Contingency Fees. When representing people in personal injury cases, lawyers often take a percentage of the final judgment—often one-third, but varying depending on factors such as whether a case settles before trial—as their fee. Because you will try your own case, you will probably not use a contingency fee arrangement. If your coach suggests one, do not agree to give too high a percentage, since you will be doing most of the work.
As Tables 2.2 and 2.3 demonstrate, the presence of a pro se plaintiff or pro se defendant dramatically changes the dynamics of litigation. When both parties are represented and there is a recorded final judgment for either the plaintiff or the defendant, the plaintiff and the defendant each win roughly 50 percent of the time. When the plaintiff proceeds pro se, the plaintiff instead wins about 4 percent of the time. When the defendant proceeds pro se, the plaintiff wins 86 percent of the time. These differences are stark. A represented defendant will nearly always prevail over a pro se plaintiff in court. A represented plaintiff will win almost as consistently against a pro se defendant.
80. There are many factors affecting trends in prisoner pro se litigation that likely do not impact nonprisoner pro se litigation, such as the growth of the US prison population and concerns about the particular conditions and resources available to prisoners. For one discussion of prisoner pro se litigation, see generally Michael W. Martin, Foreword: Root Causes of the Pro Se Prisoner Litigation Crisis, 80 Fordham L Rev 1219 (2011).
When pro se litigants feel they are being shut out from the process or that their voices are being stifled, these challenges—and the accompanying risks—are amplified. In fact, studies show that notions of fairness heavily influence and guide pro se litigants. Id. at 4. Indeed, “research has repeatedly established that when litigants perceive that a decision-making process is fair, they are more likely to be satisfied with the outcome.” Self-Represented Litigation Network, Handling Cases Involving Self-Represented Litigants: A National Bench Guide for Judges 2–4 (2008).
Table 3B—providing forms and handbooks as well as individual case assistance, for instance. Because this reform effort is different from those that Part III discusses, it’s hard to directly compare them. But both sets of reforms fit into a similar broad bucket: attempts by courts to improve the pro se litigation process by facilitating simpler and more convenient interactions between pro se litigants and the courts.
Late in 2016 NYLAG opened a legal clinic for pro se litigants in the United States District Court for the Southern District of New York (SDNY) – one of a handful of federal district courts across the country seeking to make legal assistance available to the large number of civil litigants who come to federal court without an attorney by authorizing and funding an on-site legal clinic.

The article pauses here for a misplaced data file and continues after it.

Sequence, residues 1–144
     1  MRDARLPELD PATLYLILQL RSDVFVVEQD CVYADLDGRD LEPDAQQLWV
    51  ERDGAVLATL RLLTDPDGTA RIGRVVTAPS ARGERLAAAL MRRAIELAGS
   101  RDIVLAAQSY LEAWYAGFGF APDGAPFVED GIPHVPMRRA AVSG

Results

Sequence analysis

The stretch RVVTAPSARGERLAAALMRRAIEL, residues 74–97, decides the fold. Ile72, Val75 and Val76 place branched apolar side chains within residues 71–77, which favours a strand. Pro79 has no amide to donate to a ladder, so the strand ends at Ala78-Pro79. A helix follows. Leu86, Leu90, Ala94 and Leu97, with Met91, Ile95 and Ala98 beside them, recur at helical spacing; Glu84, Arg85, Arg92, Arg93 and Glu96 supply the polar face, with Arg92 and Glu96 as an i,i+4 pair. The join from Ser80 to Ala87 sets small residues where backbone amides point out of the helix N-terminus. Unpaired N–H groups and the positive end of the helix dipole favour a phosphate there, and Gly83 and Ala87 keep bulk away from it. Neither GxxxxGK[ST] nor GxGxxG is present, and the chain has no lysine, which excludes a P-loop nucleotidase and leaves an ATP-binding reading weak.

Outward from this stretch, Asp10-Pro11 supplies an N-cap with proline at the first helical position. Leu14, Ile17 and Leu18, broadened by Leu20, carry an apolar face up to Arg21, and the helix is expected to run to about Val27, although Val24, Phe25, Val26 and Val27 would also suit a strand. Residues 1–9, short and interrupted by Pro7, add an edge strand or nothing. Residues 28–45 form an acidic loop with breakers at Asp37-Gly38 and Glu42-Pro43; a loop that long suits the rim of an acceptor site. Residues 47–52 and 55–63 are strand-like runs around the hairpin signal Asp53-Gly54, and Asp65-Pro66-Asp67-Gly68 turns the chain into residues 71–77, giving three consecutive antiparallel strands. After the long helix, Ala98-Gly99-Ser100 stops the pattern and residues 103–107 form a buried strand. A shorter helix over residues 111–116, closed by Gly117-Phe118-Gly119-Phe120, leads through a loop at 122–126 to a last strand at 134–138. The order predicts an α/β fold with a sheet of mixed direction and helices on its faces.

If you’re considering unbundled legal services, shop for your attorney with the same care as you would if you were hiring a lawyer to handle your entire case. That is, you need to investigate a lawyer’s qualifications, competence, and diligence. You also have to consider the cost of unbundled services, including the lawyer’s fee and additional expenses, such as fees for paralegals, investigators, and experts.
United States federal courts created the Public Access to Court Electronic Records (PACER) system to obtain case and docket information from the United States district courts, United States courts of appeals, and United States bankruptcy courts. The system, managed by the Administrative Office of the United States Courts, allows lawyers and self-represented clients to obtain documents entered in the case much faster than regular mail. Several federal courts published general guidelines for pro se litigants and Civil Rights complaint forms.
Some pro se litigants who are federal prisoners are subject to the Prison Litigation Reform Act. The American Civil Liberties Union (ACLU) has asserted: ""For over thirteen years, the Prison Litigation Reform Act has denied access to the courts to countless prisoners who have become victims of abuse, creating a system of injustice that denies redress for prisoners alleging serious abuses, barriers that don't apply to anyone else. It is time for Congress to pass legislation to restore the courts as a needed check on prisoner abuse." 54% of judges responding to a Federal Judicial Conference survey use videoconferences for prisoner pro se hearings.:29
It can be difficult to decide whether to represent yourself in a child custody or child support hearing. Take the time to give careful consideration to each of the factors mentioned above. Additionally, you should speak to a competent attorney with experience in child custody cases in your state. He or she can help you decide whether filing for custody pro se is a good decision, based on the facts of your case and your individual needs.
Privacy Requirements. Federal Rules of Civil Procedure 5.2 addresses the privacy and security concerns over public access to electronic court files. Under this rule, papers filed with the court should not contain anyone’s full social-security number or full birth date; the name of a person known to be a minor; or a complete financial-account number. A filing may include only the last four digits of a social-security number and taxpayer identification number; the year of someone’s birth; a minor’s initials; and the last four digits of a financial-account number.